When reading of the Cajun/Swamp Pop musician Joe Barry, time and time again one comes across the word “legend”. He has indeed cut a wide swath, both musically and as a sort of Cajun Kali, a bayou-born god of destruction. Survivor of thousands of binges and a pioneer of the fine art of hotel room disassembly, it should not be forgotten that Barry was one of Acadiana’s most talented musicians to emerge in the 1950’s and 60’s.

Notes on the Recordings

The album’s five opening songs showcase Barry the master Swamp Popper. Elvis gets the Barry treatment on the kick-off “You Belong To My Heart”, once again demonstrating Barry’s uncanny knack for vocal mimicry (this song gets the treatment from Presley fan Jackie Wilson on his “By Special Request” album - ed.). Volume 2 of Edsel’s Joe Barry Collection finds Barry as deftly rendering the Fat Man’s vocals as he does here with the King’s. As an example, we include the “Heartbroken Love”, wherein Barry expounds on this Domino Theory. Another Presleyan piece, Gentleman Jim Reeves’ “Yonder Comes A Sucker”, contains a memorable line in which Barry’s Cajun lilt renders the words “She’s got lots more fellas” as simply “sh-galazmofellas”.

A sizzling set of blues and R&B commences with the James Brown-styled “Everything’s Alright”. “Fat’s in the Fire”, a smoulderingly menacing rocker, awaits discovery by Quentin Tarantino. A truly memorable piece, evocative of open-top cars with sharp fins and zoot-suited studs with steel blades, I consider this a lost classic of mid-60’s rock & roll. “Come On Home” takes on Houston’s classic Duke-Peacock big-band blues style with admirable aplomb. Few artists outside of Don Robey’s charmed circle ever captured so well the majesty of the blues. Not quite as suave as Bobby Bland, Barry’s blues sound cut from the more homespun cloth that adorned Junior Parker.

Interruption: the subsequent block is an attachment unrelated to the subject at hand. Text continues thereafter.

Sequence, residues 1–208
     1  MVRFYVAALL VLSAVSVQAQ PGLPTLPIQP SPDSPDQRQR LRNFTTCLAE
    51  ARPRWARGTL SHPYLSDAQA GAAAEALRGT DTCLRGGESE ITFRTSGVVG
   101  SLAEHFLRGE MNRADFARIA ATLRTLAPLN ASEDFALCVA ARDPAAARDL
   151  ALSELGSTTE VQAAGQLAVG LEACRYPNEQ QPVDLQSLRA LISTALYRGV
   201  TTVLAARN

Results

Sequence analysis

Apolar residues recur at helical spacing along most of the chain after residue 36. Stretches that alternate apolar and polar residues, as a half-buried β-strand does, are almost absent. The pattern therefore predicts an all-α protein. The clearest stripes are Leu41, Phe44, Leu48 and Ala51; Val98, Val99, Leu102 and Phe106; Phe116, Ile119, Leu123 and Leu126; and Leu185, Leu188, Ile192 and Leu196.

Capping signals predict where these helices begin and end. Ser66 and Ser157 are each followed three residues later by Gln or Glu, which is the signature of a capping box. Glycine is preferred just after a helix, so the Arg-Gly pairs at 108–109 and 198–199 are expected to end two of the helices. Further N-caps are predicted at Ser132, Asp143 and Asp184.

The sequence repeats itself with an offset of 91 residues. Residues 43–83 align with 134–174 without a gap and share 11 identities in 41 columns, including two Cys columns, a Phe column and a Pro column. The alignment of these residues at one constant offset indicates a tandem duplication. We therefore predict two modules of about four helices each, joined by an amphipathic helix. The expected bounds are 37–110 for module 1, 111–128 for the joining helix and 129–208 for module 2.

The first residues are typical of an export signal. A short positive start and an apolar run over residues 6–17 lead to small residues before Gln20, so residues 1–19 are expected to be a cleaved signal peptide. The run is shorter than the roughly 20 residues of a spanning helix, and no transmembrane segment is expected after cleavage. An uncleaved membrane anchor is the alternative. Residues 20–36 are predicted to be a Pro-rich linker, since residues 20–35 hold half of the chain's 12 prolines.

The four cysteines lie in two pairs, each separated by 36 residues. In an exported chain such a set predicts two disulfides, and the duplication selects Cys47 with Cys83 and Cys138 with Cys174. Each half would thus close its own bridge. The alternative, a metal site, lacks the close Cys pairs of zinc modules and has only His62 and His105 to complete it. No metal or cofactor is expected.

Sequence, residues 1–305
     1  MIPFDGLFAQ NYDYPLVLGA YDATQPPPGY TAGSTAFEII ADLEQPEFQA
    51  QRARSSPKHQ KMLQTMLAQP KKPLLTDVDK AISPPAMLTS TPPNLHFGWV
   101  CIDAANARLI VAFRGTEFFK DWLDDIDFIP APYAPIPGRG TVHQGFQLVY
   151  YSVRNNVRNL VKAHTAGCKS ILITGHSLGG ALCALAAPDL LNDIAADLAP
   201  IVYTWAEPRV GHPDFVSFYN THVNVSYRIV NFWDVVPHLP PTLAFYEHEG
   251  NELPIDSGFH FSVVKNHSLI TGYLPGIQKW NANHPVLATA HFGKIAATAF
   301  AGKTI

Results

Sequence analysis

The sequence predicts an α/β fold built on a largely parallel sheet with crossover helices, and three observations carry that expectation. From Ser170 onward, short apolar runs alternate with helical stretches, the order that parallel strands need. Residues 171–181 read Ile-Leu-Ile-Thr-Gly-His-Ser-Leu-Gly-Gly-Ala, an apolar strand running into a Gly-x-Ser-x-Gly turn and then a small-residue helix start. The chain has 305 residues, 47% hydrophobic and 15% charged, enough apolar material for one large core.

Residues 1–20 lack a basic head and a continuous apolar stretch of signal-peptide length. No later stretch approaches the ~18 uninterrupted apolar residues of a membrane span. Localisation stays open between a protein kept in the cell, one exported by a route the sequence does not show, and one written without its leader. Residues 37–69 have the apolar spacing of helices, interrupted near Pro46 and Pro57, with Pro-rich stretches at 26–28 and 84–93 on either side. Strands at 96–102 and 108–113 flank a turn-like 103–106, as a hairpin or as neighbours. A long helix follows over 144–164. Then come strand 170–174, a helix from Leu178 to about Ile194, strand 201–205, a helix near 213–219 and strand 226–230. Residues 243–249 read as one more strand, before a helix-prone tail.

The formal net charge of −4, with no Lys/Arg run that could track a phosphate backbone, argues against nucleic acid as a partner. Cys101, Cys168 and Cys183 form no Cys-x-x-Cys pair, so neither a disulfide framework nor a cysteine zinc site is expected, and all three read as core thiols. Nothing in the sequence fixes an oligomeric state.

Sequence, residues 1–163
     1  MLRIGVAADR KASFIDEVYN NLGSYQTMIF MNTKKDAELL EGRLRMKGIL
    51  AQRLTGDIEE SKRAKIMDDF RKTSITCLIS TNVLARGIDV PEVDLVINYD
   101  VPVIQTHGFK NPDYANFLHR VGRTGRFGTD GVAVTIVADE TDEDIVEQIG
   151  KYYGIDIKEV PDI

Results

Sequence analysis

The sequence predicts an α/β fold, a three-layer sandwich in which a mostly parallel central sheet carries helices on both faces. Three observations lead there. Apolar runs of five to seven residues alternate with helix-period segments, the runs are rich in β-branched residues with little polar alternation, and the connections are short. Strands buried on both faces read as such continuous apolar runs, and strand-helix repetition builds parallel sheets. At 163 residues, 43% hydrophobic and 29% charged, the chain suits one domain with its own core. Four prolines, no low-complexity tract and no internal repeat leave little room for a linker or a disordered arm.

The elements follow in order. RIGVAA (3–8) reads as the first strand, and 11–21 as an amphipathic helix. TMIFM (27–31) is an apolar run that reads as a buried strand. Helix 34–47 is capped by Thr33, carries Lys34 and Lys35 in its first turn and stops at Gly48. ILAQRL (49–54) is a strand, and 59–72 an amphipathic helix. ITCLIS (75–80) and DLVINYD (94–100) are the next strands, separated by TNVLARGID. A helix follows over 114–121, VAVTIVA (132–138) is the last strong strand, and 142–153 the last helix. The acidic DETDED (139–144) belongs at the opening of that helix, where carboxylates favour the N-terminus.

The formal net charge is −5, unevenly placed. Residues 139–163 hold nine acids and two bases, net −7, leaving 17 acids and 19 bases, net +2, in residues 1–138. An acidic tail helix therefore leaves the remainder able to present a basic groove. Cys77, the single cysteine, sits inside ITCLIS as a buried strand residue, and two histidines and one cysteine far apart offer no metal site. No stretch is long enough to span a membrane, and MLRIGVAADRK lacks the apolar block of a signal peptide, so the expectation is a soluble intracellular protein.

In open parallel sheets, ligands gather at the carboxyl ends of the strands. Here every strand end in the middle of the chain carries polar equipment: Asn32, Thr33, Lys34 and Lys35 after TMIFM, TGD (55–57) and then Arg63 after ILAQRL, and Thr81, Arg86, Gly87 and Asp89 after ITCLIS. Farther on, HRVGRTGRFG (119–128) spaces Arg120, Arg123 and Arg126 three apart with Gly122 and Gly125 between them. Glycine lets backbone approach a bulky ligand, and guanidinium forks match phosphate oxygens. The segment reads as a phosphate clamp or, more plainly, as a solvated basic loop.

“The Rains Came” slows things way down. The song itself was written by Crazy Cajun labelmate James Young (Recording alias: Big Sambo), and was a favorite of label head Huey Meaux (particularly as he appears to have bought the song!). Virtually every act that passed through Meaux’s studio was encouraged to take a whack at this tearjerker.

Sop closes the rock & roll portion of the disc. The 1948 Eddy Arnold country classic “Bouquet of Roses” transports us to the honky-tonks on the outskirts of town. “Today I Started Loving You Again” and Delbert McClinton’s “If You Really Want Me To, I’ll Go” post-date the other recordings by a decade or so, but are still George Jones Beaumont-style honky-tonk of the first order. On “Today”, Barry hearkens back to his roots and sings a verse in Cajun French. “Three’s A Crowd” is a loving tribute to the Texas Troubador, the late, great Ernest Tubb.

~John Nova Lomax, April 1999